25. 25. Trichomonas vaginalis
  26. 26. Trichomonas vaginalis <ul><li>Phylum Parabasalia </li></ul><ul><li>Trichomonas vaginalis is a flagellated protozoan </li></ul><ul><li>Median axostyle; up to 5 flagellae </li></ul><ul><li>Trophozite is the only stage present in the life cycle </li></ul><ul><li>It is 7-30 µm long by 5-10µm wide </li></ul><ul><li>It can survive outside the body at temp as low as 15 0 C for up to 48 hours </li></ul>
  27. 27. Morphology
  28. 28. Prevalence <ul><li>Most common cause of vaginitis world wide </li></ul><ul><li>It is cosmopolitan in distribution, however prevalence is not uniform because of sanitary and hygiene habits </li></ul><ul><ul><li>20-40% in Women </li></ul></ul><ul><ul><li>10% in Men </li></ul></ul>
  29. 29. Transmission <ul><li>It lives in the reproductive and urinary systems of humans </li></ul><ul><ul><li>Human is the only host </li></ul></ul><ul><ul><li>More specifically it is found in the vagina and urethra of women, and in the prostate, seminal vesicles, and urethra of men </li></ul></ul><ul><li>It is more common in women, and hard to find in men because most are asymptomatic </li></ul><ul><li>By sexual contact </li></ul><ul><li>Transfer to neonates from infected mothers </li></ul><ul><li>T. vaginalis can live in moist clothing for 1-2 days </li></ul><ul><li>In very rare instances it has passed through sharing wet towels, washing of clothes together or sharing bathing suits </li></ul>
  30. 30. Trichomonas vaginalis Life Cycle
  31. 31. Why is it Pathogenic in Females? <ul><li>Natural flora (bacteria) keep the pH of the vagina at 4-4.5 and ordinarily this discourages infections </li></ul><ul><li>T. vaginalis can survive at a low pH </li></ul><ul><li>Once established it causes a shift towards alkalinity (pH 5-6) which further encourages its growth </li></ul>
  32. 32. Three main types of vaginitis <ul><ul><li>Bacterial vaginosis </li></ul></ul><ul><ul><ul><ul><li>About 50% of vaginitis cases </li></ul></ul></ul></ul><ul><ul><ul><ul><li>Gardnerella or a mixed anaerobes </li></ul></ul></ul></ul><ul><ul><li>Trichomoniasis </li></ul></ul><ul><ul><ul><ul><li>About 20% vaginitis cases </li></ul></ul></ul></ul><ul><ul><ul><ul><li>Trichomonas vaginalis </li></ul></ul></ul></ul><ul><ul><li>Candidiasis </li></ul></ul><ul><ul><ul><ul><li>About 25% of vaginitis cases </li></ul></ul></ul></ul><ul><ul><ul><ul><li>C. albicans (80-92%) </li></ul></ul></ul></ul>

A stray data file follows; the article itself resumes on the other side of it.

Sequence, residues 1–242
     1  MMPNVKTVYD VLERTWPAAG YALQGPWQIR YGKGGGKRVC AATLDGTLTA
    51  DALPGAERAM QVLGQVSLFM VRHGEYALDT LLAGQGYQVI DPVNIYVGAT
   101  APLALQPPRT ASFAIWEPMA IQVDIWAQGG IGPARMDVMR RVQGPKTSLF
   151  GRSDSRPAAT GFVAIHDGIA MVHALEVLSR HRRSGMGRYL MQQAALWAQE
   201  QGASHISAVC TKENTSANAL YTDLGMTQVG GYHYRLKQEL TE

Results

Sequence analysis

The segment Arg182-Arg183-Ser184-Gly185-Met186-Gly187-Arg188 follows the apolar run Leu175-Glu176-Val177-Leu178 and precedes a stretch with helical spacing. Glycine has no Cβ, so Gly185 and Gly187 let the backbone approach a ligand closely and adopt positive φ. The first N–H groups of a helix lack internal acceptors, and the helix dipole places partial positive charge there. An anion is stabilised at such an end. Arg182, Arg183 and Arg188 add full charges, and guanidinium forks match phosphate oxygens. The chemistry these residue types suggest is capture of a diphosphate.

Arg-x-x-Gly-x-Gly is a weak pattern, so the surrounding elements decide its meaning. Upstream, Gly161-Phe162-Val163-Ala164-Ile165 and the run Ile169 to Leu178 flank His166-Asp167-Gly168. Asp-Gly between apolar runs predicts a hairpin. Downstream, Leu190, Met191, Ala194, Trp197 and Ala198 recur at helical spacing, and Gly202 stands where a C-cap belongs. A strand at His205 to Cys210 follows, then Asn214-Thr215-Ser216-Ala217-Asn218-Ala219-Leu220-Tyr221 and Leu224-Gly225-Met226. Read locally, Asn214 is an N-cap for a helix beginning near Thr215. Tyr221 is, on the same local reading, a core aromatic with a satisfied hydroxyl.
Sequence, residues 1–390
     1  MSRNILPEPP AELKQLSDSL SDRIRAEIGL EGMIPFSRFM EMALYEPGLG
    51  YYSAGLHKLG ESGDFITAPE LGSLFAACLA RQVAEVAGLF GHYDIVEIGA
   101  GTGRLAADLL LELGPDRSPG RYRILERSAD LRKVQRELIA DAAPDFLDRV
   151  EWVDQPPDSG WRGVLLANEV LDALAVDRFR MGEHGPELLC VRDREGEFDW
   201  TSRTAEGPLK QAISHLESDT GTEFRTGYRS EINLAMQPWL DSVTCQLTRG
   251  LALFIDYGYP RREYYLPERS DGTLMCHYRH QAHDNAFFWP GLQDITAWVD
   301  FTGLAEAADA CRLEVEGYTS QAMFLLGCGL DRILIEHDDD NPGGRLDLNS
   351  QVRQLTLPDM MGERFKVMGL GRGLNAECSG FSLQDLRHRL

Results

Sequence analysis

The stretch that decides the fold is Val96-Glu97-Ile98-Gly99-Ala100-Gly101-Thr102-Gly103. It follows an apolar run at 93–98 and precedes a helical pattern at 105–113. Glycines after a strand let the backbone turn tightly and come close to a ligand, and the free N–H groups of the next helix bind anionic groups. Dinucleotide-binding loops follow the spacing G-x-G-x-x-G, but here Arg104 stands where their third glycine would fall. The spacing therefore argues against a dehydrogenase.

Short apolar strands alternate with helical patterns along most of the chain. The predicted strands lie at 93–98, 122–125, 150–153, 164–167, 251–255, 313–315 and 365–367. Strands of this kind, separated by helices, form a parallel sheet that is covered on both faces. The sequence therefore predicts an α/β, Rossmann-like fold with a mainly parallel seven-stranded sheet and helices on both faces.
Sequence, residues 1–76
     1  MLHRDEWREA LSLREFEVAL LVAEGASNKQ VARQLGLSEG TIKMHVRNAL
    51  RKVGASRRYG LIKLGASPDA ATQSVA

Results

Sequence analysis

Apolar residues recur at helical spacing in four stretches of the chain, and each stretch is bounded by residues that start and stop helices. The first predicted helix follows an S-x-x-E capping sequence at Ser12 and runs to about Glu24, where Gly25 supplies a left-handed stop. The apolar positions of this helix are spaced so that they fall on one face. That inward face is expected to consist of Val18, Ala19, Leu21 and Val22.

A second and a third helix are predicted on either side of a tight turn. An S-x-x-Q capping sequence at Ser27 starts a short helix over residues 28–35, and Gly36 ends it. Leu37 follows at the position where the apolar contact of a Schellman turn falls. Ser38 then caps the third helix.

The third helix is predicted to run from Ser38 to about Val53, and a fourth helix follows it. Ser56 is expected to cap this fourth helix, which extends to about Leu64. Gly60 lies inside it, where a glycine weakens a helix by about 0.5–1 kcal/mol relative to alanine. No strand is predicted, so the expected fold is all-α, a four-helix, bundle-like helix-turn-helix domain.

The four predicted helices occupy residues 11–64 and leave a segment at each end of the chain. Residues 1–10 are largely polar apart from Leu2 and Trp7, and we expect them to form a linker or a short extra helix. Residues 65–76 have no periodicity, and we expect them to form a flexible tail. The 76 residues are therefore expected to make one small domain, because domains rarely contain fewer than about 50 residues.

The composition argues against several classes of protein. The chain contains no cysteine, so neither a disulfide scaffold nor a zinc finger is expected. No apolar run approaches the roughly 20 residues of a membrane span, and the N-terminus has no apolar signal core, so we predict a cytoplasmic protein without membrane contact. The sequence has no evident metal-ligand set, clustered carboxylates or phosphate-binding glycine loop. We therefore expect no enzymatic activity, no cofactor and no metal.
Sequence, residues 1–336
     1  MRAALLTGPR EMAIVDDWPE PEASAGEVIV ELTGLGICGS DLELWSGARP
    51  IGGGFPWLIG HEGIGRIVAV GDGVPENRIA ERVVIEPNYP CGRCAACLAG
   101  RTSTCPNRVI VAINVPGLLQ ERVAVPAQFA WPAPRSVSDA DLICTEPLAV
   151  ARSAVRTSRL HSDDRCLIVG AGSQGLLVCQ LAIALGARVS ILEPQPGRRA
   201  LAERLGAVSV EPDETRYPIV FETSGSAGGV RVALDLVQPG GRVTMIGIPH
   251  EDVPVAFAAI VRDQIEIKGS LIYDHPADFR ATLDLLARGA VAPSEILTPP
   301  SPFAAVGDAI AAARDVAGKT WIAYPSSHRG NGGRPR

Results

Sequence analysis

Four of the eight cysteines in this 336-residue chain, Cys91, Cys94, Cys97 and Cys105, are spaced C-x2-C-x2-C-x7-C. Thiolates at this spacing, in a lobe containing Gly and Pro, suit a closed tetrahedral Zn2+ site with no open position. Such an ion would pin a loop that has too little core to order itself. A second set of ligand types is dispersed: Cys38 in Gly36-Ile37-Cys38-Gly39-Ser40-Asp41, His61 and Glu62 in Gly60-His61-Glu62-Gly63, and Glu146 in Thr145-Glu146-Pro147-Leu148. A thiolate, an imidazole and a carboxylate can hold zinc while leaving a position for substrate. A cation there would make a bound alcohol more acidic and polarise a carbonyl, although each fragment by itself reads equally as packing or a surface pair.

33. 33. Vaginitis Differentiation
  34. 34. Vaginitis Differentiation Normal Trichomoniasis Candidiasis Bacterial Vaginosis Symptom presentation Itch, discharge, 50% asymptomatic Itch, discomfort, dysuria, thick discharge Odor, discharge, itch Vaginal discharge Clear to white Frothy, gray or yellow-green; malodorous Thick, clumpy, white “cottage cheese” Homogenous, adherent, thin, milky white; malodorous “foul fishy” Clinical findings Cervical petechiae “strawberry cervix” Inflammation and erythema Vaginal pH 3.8 - 4.2 > 4.5 Usually < 4.5 > 4.5 KOH “whiff” test Negative Often positive Negative Positive NaCl wet mount Lacto-bacilli Motile flagellated protozoa, many WBCs Few WBCs Clue cells ( > 20%), no/few WBCs KOH wet mount Pseudohyphae or spores if non- albicans species
  35. 35. Clinical Examination
  36. 36. What is Trichomoniasis? <ul><li>SYMPTOMS AND SIGNS </li></ul><ul><li>Tirchomoniasis also known as “Trich”, that causes itchy, burning, and inflammatory symptoms in women </li></ul><ul><li>Symptoms usually occur within 4 to 20 days of exposure </li></ul><ul><li>Vulva may be hyperemic, pruritic and edematous </li></ul><ul><li>The vaginal and cervical mucosa is erythematous, and punctate to petechial lesions are seen </li></ul><ul><li>When these are seen on the cervix – Strawberry cervix </li></ul><ul><li>Eventually there is disintegration of vaginal epithelial lining </li></ul><ul><li>Some patients exhibit dysuria and dyspareunia with a profuse vaginal discharge </li></ul><ul><li>The discharge is yellowish gray or green in color and foul smelling </li></ul>
  37. 37. Clinical Diagnosis <ul><li>Speculum examination (Clinical) </li></ul>
  38. 38. Laboratory Diagnosis <ul><li>Wet preparation detects 70-80% </li></ul><ul><ul><li>Diagnosis is confirmed by finding highly motile trichomonads on microscopic exam using a wet saline mount </li></ul></ul><ul><ul><li>Can also be found in urine </li></ul></ul><ul><ul><ul><li>Also seen in elevated pH </li></ul></ul></ul>
  39. 39. <ul><li>Immunofluorescence </li></ul>
  40. 40. <ul><li>PAP Smear </li></ul><ul><ul><li>H and E Stain </li></ul></ul>
  41. 41. <ul><li>Rapid diagnostic strips </li></ul><ul><li>ICT </li></ul>
  42. 42. <ul><li>Gold standard is Trichomonas culture </li></ul><ul><ul><li>Culture is most sensitive </li></ul></ul><ul><ul><li>Diamonds media </li></ul></ul><ul><li>PCR </li></ul>
  43. 43. Treatment <ul><li>Single dose of Metronidazole 2 gm once, or </li></ul><ul><li>Metronidazole PO 500 mg TDS for 7 days </li></ul><ul><li>For recurrent Trichomoniasis </li></ul><ul><ul><li>Metronidazole x 7 days and </li></ul></ul><ul><ul><li>Repeat, if still positive then give Metronidazole 2 gm BD x5d </li></ul></ul><ul><li>Tinidazole or Miconazole used if resistant </li></ul><ul><li>Metronidazole is contraindicated in the first trimester </li></ul><ul><ul><li>Intravaginal Clotrimazole 100mg vaginal suppository QID x7d </li></ul></ul><ul><li>Reinfection can happen almost immediately </li></ul><ul><li>Treat the male sexual partner </li></ul><ul><li>Prognosis  full recovery (100%) </li></ul>
  44. 44. Prevention <ul><li>Trichomoniasis may occur solely or in conjunction with other STDs, such as gonorrhea, chlamydia, syphilis and HIV </li></ul><ul><li>Personal hygiene </li></ul><ul><li>Barrier precautions </li></ul>